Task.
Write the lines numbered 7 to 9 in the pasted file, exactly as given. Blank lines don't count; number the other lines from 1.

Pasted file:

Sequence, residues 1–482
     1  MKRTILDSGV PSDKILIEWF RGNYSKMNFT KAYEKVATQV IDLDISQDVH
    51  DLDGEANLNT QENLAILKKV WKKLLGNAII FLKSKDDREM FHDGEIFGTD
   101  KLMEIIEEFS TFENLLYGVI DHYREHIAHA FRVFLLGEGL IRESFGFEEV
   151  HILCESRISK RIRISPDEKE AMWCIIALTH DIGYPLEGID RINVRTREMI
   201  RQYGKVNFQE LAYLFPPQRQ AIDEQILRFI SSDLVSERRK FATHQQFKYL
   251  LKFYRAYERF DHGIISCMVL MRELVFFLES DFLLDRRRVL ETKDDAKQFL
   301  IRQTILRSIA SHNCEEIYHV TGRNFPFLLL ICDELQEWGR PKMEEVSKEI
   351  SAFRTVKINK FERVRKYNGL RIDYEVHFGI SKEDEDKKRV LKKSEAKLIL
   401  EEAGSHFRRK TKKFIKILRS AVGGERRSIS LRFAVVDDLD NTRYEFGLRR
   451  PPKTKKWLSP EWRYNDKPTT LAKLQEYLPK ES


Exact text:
   251  LKFYRAYERF DHGIISCMVL MRELVFFLES DFLLDRRRVL ETKDDAKQFL
   301  IRQTILRSIA SHNCEEIYHV TGRNFPFLLL ICDELQEWGR PKMEEVSKEI
   351  SAFRTVKINK FERVRKYNGL RIDYEVHFGI SKEDEDKKRV LKKSEAKLIL